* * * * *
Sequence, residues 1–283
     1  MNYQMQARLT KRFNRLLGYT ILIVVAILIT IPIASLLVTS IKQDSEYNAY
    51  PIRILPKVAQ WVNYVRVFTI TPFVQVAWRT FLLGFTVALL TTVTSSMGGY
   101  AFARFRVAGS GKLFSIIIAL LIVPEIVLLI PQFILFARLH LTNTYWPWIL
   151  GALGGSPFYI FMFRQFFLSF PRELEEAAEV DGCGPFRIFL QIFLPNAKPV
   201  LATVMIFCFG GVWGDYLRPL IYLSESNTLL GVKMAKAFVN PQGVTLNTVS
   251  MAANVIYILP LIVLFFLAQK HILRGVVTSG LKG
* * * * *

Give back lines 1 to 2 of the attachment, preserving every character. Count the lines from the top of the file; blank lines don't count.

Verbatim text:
Sequence, residues 1–283
     1  MNYQMQARLT KRFNRLLGYT ILIVVAILIT IPIASLLVTS IKQDSEYNAY